4. ^ "acronym". en.wiktionary.org. Archived from the original on January 17, 2020. Retrieved January 28, 2020.
  5. ^ "Akronym". Brockhaus Handbuch des Wissens in vier Bänden (in German). Vol. 1. Leipzig: F. A. Brockhaus AG. 1921. p. 37. Archived from the original on April 5, 2020. Retrieved February 22, 2020. Agfa (Aktien-Gesellschaft für Anilinfabrikation).
  6. ^ Feuchtwanger, Lion (1940). "Chapter 47: Beasts of Prey". Paris Gazette [Exil] (in German). Translated by Muir, Willa; Muir, Edwin. New York: Viking Press. pp. 665–66. ISBN 1135370109.

    His first glance at the Paris German News told Wiesener that this new paper was nothing like the old P.G.. "They can call it the P.G.N. if they like", he thought, "but that's the only difference. Pee-gee-enn; what's the word for words like that, made out of initials? My memory is beginning to fail me. Just the other day there was a technical expression I couldn't remember. I must be growing old. "P.G. or P.G.N., it's six of one and half a dozen of the other.... Pee-gee-enn. It's an acronym, that's what it is. That's what they call words made up of initials. So I remember it after all; that's at least something.

  7. ^ Brinton, Laurel J.; Brinton, Donna M. (2010). The Linguistic Structure of Modern English. Amsterdam: John Benjamins Publishing Company. p. 109. ISBN 9789027288240. Retrieved April 3, 2022.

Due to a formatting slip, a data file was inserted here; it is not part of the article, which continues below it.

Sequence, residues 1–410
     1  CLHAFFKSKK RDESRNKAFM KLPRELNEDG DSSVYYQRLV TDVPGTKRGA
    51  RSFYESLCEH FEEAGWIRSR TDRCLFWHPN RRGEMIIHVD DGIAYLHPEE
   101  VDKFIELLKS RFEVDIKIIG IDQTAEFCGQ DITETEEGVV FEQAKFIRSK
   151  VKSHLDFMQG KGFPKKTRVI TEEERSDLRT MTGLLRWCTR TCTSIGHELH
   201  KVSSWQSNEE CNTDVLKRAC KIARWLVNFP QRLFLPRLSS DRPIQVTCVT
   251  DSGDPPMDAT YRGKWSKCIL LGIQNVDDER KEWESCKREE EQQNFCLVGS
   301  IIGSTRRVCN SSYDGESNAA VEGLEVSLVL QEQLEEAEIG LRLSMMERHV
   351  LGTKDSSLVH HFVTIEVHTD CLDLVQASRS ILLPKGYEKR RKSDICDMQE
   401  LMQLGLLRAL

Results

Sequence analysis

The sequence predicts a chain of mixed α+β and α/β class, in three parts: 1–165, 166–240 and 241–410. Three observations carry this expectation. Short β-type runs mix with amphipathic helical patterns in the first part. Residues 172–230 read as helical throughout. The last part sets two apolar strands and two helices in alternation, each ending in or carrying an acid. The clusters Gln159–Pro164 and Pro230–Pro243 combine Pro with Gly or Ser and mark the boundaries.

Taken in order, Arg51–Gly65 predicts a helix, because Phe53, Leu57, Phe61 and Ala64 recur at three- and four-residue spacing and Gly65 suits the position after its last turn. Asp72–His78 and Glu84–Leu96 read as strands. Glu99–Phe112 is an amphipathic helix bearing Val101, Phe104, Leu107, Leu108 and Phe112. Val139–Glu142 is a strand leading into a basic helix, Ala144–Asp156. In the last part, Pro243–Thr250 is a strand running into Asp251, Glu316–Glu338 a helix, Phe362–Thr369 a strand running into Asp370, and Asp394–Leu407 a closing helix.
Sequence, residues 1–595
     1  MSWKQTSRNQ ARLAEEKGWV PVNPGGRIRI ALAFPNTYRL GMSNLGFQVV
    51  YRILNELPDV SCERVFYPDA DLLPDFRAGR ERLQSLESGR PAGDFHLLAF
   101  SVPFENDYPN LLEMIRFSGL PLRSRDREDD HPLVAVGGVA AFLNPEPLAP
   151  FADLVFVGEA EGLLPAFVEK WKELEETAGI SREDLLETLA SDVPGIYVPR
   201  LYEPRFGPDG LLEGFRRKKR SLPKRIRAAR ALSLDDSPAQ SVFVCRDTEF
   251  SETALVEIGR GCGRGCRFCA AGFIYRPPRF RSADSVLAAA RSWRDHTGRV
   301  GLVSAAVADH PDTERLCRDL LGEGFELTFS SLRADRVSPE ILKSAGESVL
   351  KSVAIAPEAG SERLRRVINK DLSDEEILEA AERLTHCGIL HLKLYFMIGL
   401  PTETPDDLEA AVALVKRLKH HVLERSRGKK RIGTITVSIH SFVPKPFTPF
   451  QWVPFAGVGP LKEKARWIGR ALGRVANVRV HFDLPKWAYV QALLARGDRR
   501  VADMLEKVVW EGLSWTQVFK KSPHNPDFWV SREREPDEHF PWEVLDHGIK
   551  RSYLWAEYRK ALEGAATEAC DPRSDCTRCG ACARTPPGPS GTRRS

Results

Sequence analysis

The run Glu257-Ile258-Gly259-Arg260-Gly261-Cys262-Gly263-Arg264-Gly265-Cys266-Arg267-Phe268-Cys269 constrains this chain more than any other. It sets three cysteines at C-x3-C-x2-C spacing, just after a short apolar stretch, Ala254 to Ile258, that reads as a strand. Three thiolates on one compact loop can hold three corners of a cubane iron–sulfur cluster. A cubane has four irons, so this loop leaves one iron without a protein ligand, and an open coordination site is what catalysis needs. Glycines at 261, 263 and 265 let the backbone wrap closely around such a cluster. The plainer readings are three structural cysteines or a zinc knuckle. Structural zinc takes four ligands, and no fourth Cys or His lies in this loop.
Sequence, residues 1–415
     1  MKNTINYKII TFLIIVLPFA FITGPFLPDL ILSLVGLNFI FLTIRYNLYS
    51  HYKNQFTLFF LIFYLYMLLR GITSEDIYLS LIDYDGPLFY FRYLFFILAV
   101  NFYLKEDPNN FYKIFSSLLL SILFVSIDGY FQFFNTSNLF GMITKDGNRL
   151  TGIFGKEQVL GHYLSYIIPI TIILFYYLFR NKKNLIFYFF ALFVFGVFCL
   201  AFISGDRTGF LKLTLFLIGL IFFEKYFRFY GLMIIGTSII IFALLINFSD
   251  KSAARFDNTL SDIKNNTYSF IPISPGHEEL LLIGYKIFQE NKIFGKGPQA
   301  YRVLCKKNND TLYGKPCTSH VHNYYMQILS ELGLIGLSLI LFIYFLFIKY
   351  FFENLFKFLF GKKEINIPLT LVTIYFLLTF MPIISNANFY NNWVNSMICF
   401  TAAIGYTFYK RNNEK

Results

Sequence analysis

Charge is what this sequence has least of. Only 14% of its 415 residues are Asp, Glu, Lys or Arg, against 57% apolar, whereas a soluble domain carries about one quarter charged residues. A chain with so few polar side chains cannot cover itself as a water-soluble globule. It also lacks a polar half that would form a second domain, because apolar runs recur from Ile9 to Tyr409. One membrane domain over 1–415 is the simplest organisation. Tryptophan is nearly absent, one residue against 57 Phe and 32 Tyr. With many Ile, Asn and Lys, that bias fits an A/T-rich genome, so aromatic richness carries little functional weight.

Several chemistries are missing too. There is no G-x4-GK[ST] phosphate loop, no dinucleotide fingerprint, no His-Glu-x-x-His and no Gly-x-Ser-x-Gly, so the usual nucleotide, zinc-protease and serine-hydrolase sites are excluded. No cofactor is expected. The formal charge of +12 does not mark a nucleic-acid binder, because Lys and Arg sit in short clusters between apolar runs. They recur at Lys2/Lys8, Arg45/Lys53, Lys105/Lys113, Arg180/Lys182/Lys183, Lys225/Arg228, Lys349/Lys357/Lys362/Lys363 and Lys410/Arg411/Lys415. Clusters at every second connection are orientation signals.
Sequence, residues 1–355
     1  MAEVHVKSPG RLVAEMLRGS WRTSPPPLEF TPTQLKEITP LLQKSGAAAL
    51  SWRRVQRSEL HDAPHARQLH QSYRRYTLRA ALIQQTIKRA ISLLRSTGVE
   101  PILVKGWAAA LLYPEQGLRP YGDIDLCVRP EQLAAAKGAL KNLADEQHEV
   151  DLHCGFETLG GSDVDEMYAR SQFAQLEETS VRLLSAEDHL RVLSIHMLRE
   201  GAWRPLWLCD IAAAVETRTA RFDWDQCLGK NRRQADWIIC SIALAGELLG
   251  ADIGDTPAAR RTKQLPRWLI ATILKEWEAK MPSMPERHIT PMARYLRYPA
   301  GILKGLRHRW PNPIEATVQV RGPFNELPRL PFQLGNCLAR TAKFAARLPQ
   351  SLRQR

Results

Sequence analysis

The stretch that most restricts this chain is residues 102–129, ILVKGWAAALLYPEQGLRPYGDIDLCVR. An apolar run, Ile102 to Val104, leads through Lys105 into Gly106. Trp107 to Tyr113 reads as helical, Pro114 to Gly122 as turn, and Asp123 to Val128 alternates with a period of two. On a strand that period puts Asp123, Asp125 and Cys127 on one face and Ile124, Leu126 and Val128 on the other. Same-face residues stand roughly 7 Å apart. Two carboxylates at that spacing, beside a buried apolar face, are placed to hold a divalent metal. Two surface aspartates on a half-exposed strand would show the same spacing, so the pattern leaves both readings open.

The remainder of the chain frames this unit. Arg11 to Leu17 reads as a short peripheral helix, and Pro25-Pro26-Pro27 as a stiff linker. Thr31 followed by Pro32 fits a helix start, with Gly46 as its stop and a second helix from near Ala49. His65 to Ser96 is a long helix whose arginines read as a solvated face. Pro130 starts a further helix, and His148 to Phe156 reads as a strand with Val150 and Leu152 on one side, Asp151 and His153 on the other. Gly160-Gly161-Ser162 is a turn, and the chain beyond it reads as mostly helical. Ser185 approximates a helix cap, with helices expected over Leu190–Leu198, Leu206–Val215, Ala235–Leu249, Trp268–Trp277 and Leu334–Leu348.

8. ^ "Acronym". The Merriam-Webster.com Dictionary. Merriam-Webster Inc. January 22, 2020. Archived from the original on January 22, 2020. Retrieved January 22, 2020.

    acronym noun
    ac·​ro·​nym | \ˈa-krə-ˌnim\
    Definition of acronym
    : a word (such as NATO, radar, or laser) formed from the initial letter or letters of each of the successive parts or major parts of a compound term
    also : an abbreviation (such as FBI) formed from initial letters : initialism

  9. ^ "Acronym". Dictionary.com. January 22, 2020. Archived from the original on January 22, 2020. Retrieved January 22, 2020. 2. a set of initials representing a name, organization, or the like, with each letter pronounced separately; an initialism.
  10. ^ a b c "Acronym". The American Heritage Dictionary of the English Language (Fifth ed.). Houghton Mifflin Harcourt. November 2011. Archived from the original on January 22, 2020. Retrieved January 22, 2020.

    ac·ro·nym (ăkrə-nĭm′)
    n.
    1. A word formed by combining the initial letters of a multipart name, such as NATO from North Atlantic Treaty Organization or by combining the initial letters or parts of a series of words, such as radar from radio detecting and ranging.
    2. Usage Problem An initialism.
    [acr(o)- + -onym.]
    ac′ro·nymic, a·crony·mous (ə-krŏn′ə-məs) adj.
    Usage Note: In strict usage, the term acronym refers to a word made from the initial letters or parts of other words, such as sonar from so(und) na(vigation and) r(anging). The distinguishing feature of an acronym is that it is pronounced as if it were a single word, in the manner of NATO and NASA. Acronyms are often distinguished from initialisms like FBI and NIH, whose individual letters are pronounced as separate syllables. While observing this distinction has some virtue in precision, it may be lost on many people, for whom the term acronym refers to both kinds of abbreviations.